And, the smile still on his lips, he lay back watching the flies wheeling and chasing round the hanging-lamp. Sixteen of them there were, wheeling and chasing—never still!
When, walking from Lennan’s studio, Olive reentered her dark little hall, she approached its alcove and glanced first at the hat-stand. They were all there—the silk hat, the bowler, the straw! So he was in! And within each hat, in turn, she seemed to see her husband’s head—with the face turned away from her—so distinctly as to note the leathery look of the skin of his cheek and neck. And she thought: “I pray that he will die! It is wicked, but I pray that he will die!” Then, quietly, that he might not hear, she mounted to her bedroom. The door into his dressing-room was open, and she went to shut it. He was standing there at the window.
“Ah! You’re in! Been anywhere?”
“To the National Gallery.”
It was the first direct lie she had ever told him, and she was surprised to feel neither shame nor fear, but rather a sense of pleasure at defeating him. He was the enemy, all the more the enemy because she was still fighting against herself, and, so strangely, in his behalf.
“Rather boring, wasn’t it? I should have thought you’d have got young Lennan to take you there.”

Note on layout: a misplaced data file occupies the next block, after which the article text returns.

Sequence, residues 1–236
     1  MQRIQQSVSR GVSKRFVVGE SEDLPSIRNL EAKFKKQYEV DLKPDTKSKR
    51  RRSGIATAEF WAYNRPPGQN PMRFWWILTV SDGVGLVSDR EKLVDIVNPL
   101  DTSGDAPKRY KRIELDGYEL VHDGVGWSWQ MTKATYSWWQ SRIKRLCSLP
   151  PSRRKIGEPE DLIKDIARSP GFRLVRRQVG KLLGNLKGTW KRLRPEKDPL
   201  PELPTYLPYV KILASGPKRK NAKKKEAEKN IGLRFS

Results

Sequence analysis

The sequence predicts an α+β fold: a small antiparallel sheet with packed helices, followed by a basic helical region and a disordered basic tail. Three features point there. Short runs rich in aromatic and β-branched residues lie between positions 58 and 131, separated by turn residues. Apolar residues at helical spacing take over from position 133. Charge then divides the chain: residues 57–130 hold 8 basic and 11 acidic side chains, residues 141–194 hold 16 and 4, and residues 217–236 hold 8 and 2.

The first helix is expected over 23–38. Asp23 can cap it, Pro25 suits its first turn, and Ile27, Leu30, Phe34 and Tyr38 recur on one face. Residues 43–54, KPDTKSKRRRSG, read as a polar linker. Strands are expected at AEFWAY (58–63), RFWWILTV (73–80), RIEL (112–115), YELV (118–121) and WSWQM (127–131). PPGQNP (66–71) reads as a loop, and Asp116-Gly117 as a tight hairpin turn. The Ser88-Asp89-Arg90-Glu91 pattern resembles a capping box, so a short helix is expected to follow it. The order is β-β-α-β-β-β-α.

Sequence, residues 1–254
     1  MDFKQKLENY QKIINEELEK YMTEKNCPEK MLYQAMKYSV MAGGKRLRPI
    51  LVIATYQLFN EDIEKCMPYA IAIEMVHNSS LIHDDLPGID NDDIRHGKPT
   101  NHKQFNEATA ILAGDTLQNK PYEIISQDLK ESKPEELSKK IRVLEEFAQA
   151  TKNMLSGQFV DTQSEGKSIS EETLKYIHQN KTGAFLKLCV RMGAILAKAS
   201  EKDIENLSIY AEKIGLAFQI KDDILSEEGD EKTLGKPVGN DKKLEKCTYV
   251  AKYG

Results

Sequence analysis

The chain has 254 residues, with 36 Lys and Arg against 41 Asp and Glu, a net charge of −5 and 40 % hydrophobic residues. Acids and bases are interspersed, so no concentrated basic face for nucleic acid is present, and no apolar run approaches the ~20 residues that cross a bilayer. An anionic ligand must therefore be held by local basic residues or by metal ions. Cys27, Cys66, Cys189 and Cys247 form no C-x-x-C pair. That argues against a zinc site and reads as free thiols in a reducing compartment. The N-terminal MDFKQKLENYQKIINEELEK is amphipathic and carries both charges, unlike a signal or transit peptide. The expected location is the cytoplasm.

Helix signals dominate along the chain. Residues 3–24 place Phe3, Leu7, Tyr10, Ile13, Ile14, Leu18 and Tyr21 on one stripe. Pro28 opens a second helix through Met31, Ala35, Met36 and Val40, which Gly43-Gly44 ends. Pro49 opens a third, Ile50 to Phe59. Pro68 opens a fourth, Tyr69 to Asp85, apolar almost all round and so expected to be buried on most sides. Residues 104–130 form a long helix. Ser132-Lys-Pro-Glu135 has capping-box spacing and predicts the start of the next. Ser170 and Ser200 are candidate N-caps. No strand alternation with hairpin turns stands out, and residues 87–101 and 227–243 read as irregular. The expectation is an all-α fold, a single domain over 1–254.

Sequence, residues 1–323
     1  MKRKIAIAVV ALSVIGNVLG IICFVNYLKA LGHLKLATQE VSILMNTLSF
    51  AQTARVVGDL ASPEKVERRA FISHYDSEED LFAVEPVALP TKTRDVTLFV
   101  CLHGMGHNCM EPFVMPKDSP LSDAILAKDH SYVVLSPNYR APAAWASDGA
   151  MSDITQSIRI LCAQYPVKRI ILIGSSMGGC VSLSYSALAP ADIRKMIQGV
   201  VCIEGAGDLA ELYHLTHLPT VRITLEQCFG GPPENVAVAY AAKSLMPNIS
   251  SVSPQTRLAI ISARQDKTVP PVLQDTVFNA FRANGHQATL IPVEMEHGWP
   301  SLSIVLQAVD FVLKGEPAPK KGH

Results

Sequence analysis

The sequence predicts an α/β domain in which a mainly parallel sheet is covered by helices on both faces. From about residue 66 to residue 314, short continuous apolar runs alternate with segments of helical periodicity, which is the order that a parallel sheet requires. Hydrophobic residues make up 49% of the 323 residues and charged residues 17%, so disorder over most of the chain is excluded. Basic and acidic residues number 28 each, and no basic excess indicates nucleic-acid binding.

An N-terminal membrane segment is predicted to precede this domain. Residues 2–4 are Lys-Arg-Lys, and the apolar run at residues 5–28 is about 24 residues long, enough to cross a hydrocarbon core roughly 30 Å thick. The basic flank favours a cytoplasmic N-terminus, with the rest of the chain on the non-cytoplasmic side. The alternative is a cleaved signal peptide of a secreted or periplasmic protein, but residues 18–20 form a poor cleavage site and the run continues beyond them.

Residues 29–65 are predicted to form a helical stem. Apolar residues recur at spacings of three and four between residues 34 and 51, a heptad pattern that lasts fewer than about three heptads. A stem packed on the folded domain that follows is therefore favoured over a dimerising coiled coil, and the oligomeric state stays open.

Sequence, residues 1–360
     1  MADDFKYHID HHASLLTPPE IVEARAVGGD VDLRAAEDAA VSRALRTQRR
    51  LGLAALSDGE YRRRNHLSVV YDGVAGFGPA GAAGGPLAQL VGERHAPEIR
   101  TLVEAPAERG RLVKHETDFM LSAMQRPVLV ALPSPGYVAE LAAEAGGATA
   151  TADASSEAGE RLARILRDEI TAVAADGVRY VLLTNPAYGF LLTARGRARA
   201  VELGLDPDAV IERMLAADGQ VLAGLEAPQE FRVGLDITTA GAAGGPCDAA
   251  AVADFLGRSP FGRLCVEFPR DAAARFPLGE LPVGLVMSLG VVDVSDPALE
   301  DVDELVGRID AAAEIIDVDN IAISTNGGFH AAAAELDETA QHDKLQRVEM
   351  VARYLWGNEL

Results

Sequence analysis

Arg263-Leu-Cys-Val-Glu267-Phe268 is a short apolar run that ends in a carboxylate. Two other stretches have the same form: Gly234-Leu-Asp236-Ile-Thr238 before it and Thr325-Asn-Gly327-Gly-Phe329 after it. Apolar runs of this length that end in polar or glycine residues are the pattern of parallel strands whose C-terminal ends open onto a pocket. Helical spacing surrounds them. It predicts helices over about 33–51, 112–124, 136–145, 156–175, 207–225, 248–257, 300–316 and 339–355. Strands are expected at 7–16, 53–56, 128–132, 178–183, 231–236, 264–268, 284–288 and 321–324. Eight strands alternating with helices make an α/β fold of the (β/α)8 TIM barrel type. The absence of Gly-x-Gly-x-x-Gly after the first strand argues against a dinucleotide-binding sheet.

By instinct she had seized on the boldest answer; and there was nothing to be told from her face. If he were her superior in strength, he was her inferior in quickness.
He lowered his eyes, and said:
“His line, isn’t it?”
With a shrug she turned away and shut the door. She sat down on the edge of her bed, very still. In that little passage of wits she had won, she could win in many such; but the full hideousness of things had come to her. Lies! lies! That was to be her life! That; or to say farewell to all she now cared for, to cause despair not only in herself, but in her lover, and—for what? In order that her body might remain at the disposal of that man in the next room—her spirit having flown from him for ever. Such were the alternatives, unless those words: “Then come to me,” were to be more than words. Were they? Could they be? They would mean such happiness if—if his love for her were more than a summer love? And hers for him? Was it—were they—more than summer loves? How know? And, without knowing, how give such pain to everyone? How break a vow she had thought herself quite above breaking? How make such a desperate departure from all the traditions and beliefs in which she had been brought up! But in the very nature of passion is that which resents the intrusion of hard and fast decisions. . . . And suddenly she thought: If our love cannot stay what it is, and if I cannot yet go to him for always, is there not still another way?